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Timeform Recap: 2022 Lightning Stakes

3 minute read

Timeform recap the 2022 Lightning Stakes won by Home Affairs.

HOME AFFAIRS winning the Black Caviar Lightning
HOME AFFAIRS winning the Black Caviar Lightning Picture: Colin Bull / Sportpix

 

The much-hyped 2022 Lightning Stakes went the way of Home Affairs; the three-year-olds winning a key battle against their elders, this time over the best horse(s) they have to offer.

A couple of interesting skirmishes had already gone the way of the classic generation in 2022. Overpass and Marine One won the Expressway and the Rubiton but they had been thrashed by Home Affairs in the Coolmore and wins over Forbidden Love and Oxley Road (both on criticised battlegrounds) were not conclusive evidence of generational dominance.

But the Lightning was no scuffle out wide. It was a meaningful battle on centre stage. Hannibal vs Scipio; Nelson vs Napoleon sort of stuff.

Home Affairs was toughened by his first encounter with Nature Strip and Eduardo. There the young, brash sprinter went out too hard. Eyeball-to-eyeball with the fastest on earth. So fast that even Eduardo, the fastest of all from the draw, took a backward step and a more cautious approach.

Home Affairs paid the price that day, but that short term pain was for long term gain.

'Train hard, fight easy,' said the Russian General Alexander Suvorov.

Horses, like humans, learn from experience. Nature needs nurture.

Lennon, McCartney and Harrison were obviously naturally gifted but there is also little doubt that five trips to Hamburg in two years from 1960, playing as many as 106 nights a trip, made them The Beatles.

Eighth in the Golden Slipper and ninth in The Everest were scratchy gigs for Home Affairs but they may well have made him the horse we saw in the Coolmore and now the Lightning – the number one act in town. Or not quite…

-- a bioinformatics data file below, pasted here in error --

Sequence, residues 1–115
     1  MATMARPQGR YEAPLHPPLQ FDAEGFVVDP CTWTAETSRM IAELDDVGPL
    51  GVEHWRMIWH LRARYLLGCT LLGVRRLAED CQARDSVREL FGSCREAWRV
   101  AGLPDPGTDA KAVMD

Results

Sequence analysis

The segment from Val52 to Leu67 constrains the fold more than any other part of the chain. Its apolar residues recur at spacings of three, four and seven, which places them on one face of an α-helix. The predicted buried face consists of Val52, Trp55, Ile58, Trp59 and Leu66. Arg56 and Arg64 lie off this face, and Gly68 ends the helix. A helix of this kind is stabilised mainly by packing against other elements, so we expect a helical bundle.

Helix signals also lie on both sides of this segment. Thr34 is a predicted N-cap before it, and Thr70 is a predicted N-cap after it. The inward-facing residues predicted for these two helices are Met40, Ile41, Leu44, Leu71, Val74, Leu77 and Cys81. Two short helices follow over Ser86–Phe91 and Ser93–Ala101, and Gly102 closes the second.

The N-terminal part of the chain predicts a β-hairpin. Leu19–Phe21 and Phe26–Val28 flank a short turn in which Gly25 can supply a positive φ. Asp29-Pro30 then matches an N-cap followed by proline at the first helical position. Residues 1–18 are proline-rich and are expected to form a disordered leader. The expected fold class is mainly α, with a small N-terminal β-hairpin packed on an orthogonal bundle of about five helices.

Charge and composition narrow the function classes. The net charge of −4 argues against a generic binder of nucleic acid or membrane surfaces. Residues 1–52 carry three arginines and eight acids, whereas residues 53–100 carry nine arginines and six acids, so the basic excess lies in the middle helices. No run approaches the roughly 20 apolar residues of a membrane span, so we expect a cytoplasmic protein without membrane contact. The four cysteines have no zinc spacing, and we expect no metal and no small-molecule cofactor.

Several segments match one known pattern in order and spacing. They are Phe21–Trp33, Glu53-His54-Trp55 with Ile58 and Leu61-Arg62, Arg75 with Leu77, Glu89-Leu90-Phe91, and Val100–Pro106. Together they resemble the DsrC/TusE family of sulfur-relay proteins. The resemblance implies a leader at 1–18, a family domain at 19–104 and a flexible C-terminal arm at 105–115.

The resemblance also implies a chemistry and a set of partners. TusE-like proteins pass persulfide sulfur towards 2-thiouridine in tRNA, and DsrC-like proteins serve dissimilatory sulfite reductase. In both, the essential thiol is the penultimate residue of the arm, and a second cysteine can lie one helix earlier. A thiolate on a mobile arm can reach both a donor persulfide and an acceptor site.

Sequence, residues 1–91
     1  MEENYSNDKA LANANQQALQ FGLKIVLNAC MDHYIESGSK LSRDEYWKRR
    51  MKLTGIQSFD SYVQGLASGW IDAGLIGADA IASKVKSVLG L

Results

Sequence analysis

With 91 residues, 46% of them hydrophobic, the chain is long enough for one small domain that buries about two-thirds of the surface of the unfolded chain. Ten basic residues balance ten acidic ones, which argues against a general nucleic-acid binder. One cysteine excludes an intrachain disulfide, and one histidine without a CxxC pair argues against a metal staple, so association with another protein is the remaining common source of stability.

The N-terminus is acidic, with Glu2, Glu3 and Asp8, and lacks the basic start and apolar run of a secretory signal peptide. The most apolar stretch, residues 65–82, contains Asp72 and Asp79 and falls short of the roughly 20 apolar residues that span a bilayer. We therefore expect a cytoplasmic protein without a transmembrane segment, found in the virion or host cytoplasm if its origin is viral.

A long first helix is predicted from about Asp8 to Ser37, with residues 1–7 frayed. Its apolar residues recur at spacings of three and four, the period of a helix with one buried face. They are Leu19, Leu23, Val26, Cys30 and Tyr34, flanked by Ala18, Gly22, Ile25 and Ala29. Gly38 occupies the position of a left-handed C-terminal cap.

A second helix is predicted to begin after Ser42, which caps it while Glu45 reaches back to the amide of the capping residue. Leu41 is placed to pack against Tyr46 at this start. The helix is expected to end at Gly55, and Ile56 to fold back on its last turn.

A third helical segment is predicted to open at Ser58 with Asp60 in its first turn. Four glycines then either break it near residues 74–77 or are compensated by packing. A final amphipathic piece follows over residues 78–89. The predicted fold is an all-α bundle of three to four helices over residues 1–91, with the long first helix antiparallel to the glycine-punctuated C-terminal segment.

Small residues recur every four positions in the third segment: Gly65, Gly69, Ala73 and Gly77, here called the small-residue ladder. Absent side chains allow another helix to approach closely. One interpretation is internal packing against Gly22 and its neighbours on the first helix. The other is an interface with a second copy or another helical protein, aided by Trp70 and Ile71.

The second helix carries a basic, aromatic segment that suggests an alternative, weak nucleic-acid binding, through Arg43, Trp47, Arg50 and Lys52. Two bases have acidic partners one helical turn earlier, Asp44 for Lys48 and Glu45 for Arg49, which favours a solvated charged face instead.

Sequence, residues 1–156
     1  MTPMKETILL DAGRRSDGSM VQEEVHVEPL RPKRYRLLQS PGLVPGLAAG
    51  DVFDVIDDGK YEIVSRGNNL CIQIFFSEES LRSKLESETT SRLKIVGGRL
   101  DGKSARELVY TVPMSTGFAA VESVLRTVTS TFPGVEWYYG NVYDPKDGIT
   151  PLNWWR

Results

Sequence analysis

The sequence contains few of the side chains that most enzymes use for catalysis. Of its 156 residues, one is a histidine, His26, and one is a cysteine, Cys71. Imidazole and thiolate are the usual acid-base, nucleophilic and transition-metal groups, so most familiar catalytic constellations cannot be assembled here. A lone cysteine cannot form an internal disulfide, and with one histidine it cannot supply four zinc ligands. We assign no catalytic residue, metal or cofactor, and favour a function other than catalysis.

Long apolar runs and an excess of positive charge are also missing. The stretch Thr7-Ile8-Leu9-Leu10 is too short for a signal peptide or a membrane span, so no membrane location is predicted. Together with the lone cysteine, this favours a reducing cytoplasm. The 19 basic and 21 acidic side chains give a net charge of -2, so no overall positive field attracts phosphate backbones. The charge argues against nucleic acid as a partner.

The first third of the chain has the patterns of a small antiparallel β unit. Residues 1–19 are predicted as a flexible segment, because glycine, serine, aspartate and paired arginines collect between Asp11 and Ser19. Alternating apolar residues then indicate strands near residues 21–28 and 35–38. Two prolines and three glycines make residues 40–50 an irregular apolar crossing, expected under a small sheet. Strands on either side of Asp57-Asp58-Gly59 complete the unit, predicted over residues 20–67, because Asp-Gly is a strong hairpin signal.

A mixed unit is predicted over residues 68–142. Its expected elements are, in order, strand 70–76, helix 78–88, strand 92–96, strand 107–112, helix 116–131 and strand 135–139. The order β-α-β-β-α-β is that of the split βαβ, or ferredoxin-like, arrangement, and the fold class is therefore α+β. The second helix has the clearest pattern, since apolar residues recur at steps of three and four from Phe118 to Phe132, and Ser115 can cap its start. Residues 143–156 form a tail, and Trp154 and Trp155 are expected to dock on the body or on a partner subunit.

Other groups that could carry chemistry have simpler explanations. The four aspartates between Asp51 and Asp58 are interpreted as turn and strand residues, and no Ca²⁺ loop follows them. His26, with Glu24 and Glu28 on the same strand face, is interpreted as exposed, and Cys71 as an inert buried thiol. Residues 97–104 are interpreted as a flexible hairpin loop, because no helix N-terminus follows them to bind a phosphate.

The win may have been slightly opportunistic, Nature Strip took a heavy blow out of the gates which left him poorly placed, but Home Affairs had to be good enough to post the 126 Timeform rating required to take that opportunity.

And every pound of that 126 was required. Nature Strip ran to 125, short of his 129-rated best, but it is easy to think that 4lbs was left at the start. Nature Strip is as good as ever. 

The war then, remains unresolved. This battle goes into the books but there are hopefully more to come both here and abroad.

The final battleground may well be Royal. Nature Strip is better than required there. He has been fast enough often enough to infer with near certainty that he can beat the best of the British.

With back-to-back winning ratings of 125 and 126 we can also infer plenty about Home Affairs chances abroad.

Home Affairs and his accomplice in taking out Nature Strip, Profiteer, were the 99th and 100th three-year-olds to run in the Lightning since it became a Group One in 1987.

A three-year-old Placid Ark won it that year with a rating of 129; a number which remains the best of the now 11 three-year-old ratings to win it. Those 11 represent 30.5% of Lightning winners in that time and the 100 three-year-old runners represent 29% of all runners. Quite neat, as is the list of three-year-old Lightning winners: 

Placid Ark; 129

Zeditave, Testa Rossa; 128

Schillaci, General Nediym, Choisir, Fastnet Rock, Home Affairs; 126

Gold Ace; 124

Keltrice, Isca; 122

 

Home Affairs is keeping nice company; and he heads the current three-year-old leaderboard as well, he is their General, a post he has held since his Coolmore romp.

Underneath him the three-year-olds continue to win smaller battles.

The aptly named Military Expert, War Eternal and Mazu won handicaps against their elders at the Rosehill meeting.

Mazu won so impressively that only fellow three-year-olds Anamoe and Hilal, 1-2 in the Hobartville, rated higher than him across the meeting.

Anamoe overcame rather than overpowered to win the Hobartville. It was job done; but no more than that.

Hilal looked a match for him and Converge loomed behind; ominously so for the longer trips that await.

Ratings of 111-117 in two runs this campaign are too good to go cold on Anamoe but they sit on the soft side of expectations; that bar having been raised up high at the back of last preparation.

A pair of 123s came in high-pressure races, a fast Caulfield Guineas a gruelling Cox Plate. A low pressure 1400m meant Anamoe didn't need to bring out the heavy artillery but that doesn't mean it isn't still there.

Anamoe remains a key part of the three-year-old army but at this stage he is a mere Colonel underneath General Home Affairs.


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